Well, Friends, here we are, headed into the last leg of the Christmas countdown—six days and a wake-up will bring us to Christmas morning. On a practical level, it’s the goal and destination of all our plans, efforts, recipes, and wrapping paper. Do you still have a lot to do? If you’re having a house full of guests, you may feel pressured by all the last-minute tasks you still need to get done. And if you’re traveling, that’s a whole list of other details to sort out and plan for. You may be still searching for the one perfect gift you haven’t found or feeling unsettled about the menu you’re considering for Christmas dinner. For many, the last week before Christmas may be more about stress than it is about the happy anticipation of the holiday.
But today our Advent reading is all about Love. Love as the first and continuing motion of our faith, our lives, our families, our holidays, our universe. Early Friend Isaac Penington had this to say about love in 1663:
What is love? What shall I say of it, or how shall I in words express its nature? It is the sweetness of life; it is the sweet, tender, melting nature of God, flowing up through his seed of life into the creature, and of all things making the creature most like unto himself, both in nature and operation. It fulfils the law, it fulfils the gospel; it wraps up all in one, and brings forth all in the oneness. It excludes all evil out of the heart, it perfects all good in the heart. A touch of love doth this in measure; perfect love doth this in fullness.
We can put so much importance on all the tasks we need to do that we can lose touch with the motion of love that is—or could be–the true center of it all. We can forget that love is the force that inspires us with gift ideas, that causes us to dream about Christmas events and activities, that nudges us to reach out to our neighbors or smile at people in the stores. Love is the impulse behind the beautiful Christmas lights, the decorative cookies, the wrapping paper and candles and gatherings all through the season. When your neighbors put up Christmas lights, it’s at least in part because they want you to have joy.
And when you think about it, even though we can put so much pressure on ourselves to get things done, we didn’t start this party: God did. None of the major, world-changing events that unfolded in the Christmas story happened because of something we did. Rather, God is the source of it all, first having the amazingly loving idea of coming to this realm to be present with us, his confused and distracted children. It was such an offering of grace, to be willing to come into this world of limitation and struggle just to help us along, to bring goodness close enough that it is within our reach, so we can see it and feel it and hopefully, one day, share it. God knew we couldn’t find it on our own—we needed help to rise above all the things—good and bad–that bind our thoughts to this world.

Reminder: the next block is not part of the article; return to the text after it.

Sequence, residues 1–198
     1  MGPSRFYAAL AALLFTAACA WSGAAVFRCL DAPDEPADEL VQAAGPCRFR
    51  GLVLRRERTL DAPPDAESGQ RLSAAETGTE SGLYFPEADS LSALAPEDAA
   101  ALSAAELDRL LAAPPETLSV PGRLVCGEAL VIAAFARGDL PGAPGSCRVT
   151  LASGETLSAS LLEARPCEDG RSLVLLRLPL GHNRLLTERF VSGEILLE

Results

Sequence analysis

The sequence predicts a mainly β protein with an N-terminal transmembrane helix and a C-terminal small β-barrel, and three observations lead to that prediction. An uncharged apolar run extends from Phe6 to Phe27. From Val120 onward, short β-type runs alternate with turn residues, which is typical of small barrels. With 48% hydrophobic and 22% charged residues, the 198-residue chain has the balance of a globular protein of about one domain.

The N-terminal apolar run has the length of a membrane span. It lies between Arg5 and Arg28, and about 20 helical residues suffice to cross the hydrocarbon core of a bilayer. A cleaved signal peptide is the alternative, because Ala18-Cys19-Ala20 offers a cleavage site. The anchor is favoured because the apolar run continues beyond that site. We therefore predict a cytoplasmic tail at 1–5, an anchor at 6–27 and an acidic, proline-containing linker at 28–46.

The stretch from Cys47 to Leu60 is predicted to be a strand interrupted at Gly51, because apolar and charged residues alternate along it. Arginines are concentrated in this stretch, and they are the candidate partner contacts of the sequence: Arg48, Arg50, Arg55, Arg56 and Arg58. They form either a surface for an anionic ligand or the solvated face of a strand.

So God sent Gabriel to surprise first Elizabeth and Zechariah with the news of a child and then went on to Mary, to let her know about her holy role. And of course Joseph needed to be reassured too. That was all God. The people who were part of the story listened and did as God asked, but their personal efforts and plans, their worries weren’t needed, or helpful. God’s love was the first motion of it all, bringing into the world a sense of divine love that is still with us, still unfolding today.
In the 1950s a science writer named Nina Bull developed a theory that our human emotions are not separate from our thoughts and actions but are actually the bridge between the two. Any emotion, whatever it might be—anxiousness, gladness, sorrow, anger, love—is the stirring impulse, literally energy in motion, or e-motion, that begins to propel our thought into an embodied response of movement in our outer world. Her research findings showed that we feel emotions in our muscles before we recognize them consciously in our minds and that if we act on them naturally—hugging someone when we feel overjoyed, slamming a door when we feel angry—that energy is turned into motion and expressed naturally. That’s the purpose of the emotion, she thought, to help us do that. The wave of feeling arises, gets expressed through us, and goes on its way. We return to a sense of a balance, until the next wave of emotion comes along. And when you think about it, it’s a pretty easy system: we’re not fighting what we feel or hiding it; we don’t get stuck in our heads overthinking or replaying things. The emotion simply helps us do what we need to do and we move on to other things.